# Back-transformation and interpretation of $\log(X+1)$ estimates in multiple linear regression

I have performed multiple linear regression analyses with different combinations of transformed and untransformed variables--both explanatory (independent) and response (dependent) variables. All transformations were $\log_{10}(X+1)$ which seem to fit/better fit assumptions of normality. Also, I have indicator (dummy) response variables as explanatory variables. I'm trying to figure out how to interpret the regression estimates, so I would be much obliged if someone could point me toward a good web-based source of information on this, and/or answer the questions below. Thanks in advance.

I am wondering:

When back transforming--do I subtract the constant (1) from the the regression estimates (after raising 10 to power of the estimate), or just when reporting the mean/median for Y? In other words, does adding the constant to the response variable (before log transformation) matter as far as reporting the regression estimates for the explanatory variables?

When do I subtract the constant from the explanatory variable if it is transformed?

Also, for example, after constructing the regression model for a response variable which was log-transformed (x+1), my indicator (explanatory) variable estimate is:

Estimate: 0.008
SE0: 0.007
t: 1.110
P: 0.2660


with a 95% Confidence interval (in the log10 scale) of -0.0059 TO 0.0213. I do a back transformation and get: an estimate of 1.017871372 (95% CI from 0.9865 to 1.05). I interpret this as "median Rel Abnd of RESPONSE VARIABLE (which is aprox 0.04) at INDICATOR variable sites is 1.0179 times greater (95% CI = 0.9865 to 1.05) than the median Rel Abund at sites where INDICATOR variable not present, after accounting for other factors".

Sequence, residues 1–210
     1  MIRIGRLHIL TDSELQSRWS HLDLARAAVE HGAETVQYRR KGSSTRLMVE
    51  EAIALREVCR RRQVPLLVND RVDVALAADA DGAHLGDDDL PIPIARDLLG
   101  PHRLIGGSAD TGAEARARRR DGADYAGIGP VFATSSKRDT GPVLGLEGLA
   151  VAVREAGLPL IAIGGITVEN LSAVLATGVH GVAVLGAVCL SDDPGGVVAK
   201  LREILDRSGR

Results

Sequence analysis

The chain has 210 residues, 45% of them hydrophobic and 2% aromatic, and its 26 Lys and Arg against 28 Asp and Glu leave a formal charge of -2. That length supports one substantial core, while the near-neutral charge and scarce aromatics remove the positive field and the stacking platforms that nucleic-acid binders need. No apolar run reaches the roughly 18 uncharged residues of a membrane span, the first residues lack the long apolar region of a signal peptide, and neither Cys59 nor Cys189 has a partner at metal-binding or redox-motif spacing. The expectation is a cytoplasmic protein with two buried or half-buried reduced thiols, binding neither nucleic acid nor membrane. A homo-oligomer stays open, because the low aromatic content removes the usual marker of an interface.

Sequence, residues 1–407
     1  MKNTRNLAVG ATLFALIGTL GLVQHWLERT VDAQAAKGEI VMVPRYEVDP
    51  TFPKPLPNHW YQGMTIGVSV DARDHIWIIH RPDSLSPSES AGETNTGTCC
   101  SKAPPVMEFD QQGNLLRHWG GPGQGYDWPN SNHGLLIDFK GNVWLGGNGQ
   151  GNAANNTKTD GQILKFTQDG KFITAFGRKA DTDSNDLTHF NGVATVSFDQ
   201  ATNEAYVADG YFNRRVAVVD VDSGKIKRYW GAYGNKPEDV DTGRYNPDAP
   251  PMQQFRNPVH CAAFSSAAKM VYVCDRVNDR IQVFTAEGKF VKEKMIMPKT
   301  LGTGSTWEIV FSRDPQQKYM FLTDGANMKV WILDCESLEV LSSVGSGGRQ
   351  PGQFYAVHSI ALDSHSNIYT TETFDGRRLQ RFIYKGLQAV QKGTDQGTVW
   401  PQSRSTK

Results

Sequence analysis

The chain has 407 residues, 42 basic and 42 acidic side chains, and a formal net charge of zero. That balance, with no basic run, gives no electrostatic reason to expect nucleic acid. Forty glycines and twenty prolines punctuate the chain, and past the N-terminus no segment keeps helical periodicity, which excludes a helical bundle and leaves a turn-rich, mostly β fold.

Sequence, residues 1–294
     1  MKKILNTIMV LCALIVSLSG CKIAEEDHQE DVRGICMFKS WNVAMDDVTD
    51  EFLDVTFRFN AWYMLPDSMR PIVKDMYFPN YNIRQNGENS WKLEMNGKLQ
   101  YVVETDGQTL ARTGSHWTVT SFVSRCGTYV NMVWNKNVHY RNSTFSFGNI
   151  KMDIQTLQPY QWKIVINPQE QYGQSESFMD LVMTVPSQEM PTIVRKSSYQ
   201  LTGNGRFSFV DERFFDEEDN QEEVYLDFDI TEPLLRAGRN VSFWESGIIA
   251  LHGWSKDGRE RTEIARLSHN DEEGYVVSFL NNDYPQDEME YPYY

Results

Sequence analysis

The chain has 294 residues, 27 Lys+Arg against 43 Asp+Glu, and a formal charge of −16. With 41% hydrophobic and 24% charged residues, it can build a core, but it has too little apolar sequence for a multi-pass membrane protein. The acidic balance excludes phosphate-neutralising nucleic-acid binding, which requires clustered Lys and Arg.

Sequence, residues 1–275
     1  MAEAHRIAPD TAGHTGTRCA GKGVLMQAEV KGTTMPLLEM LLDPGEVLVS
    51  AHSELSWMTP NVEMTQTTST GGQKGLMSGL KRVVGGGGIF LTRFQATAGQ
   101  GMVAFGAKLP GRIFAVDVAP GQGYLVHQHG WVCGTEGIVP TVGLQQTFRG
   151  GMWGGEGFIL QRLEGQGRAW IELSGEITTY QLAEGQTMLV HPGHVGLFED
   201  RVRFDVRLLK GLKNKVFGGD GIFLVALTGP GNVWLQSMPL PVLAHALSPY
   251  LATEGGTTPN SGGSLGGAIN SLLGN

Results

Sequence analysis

If anyone could let me know if I'm on the right track, or how to get on the right track, that would be great.

• The coefficients would be easier to interpret if you used the natural log. Also, you should worry about the linearity assumption seeming to make sense. You don't need normality of anything (variables or error terms) so long as you have enough data---the central limit theorem typically comes to your rescue. – Charlie Nov 21 '11 at 7:31
• Actually, @Charlie, you do need normality of some statistics if you want the t-tests and confidence intervals to be correct. The log transformation is strong enough to raise doubts unless the dataset is quite large: the approximate normality of an estimated coefficient of a log response will imply the non -normality of the coefficients for the response itself and vice versa. – whuber Nov 21 '11 at 13:57
• @whuber, True, if you undo the transformation and try to interpret that result, it may not have a normal distribution; I forgot about that part of the question. But I'd recommend bootstrapping that distribution, rather than forcing yourself to find a model that has errors that are normally distributed. – Charlie Nov 21 '11 at 14:52

According to Wooldridge 2009 (p. 192), the log(1 + x) transformation may retain the usual interpretation of log(x):
In cases where a variable $y$ is nonnegative but can take on the value 0, $log(1+y)$ is sometimes used. The percentage change interpretations are often closely preserved, except for changes beginning at $y=0$ (where the percentage change is not even defined). Generally, using $log(1+y)$ and then interpreting the estimates as if the variable were $log(y)$ is acceptable when the data contain relatively few zeros.
I suspect this extends to log2 or log10 bases.
For $0 < x \ll 1$, $\log(1+x) \approx x$. For $x \gg 1$, $\log(1+x) \approx \log(x)$. When $x$ is much smaller or much bigger than 1 you can use those equations to get your interpretation.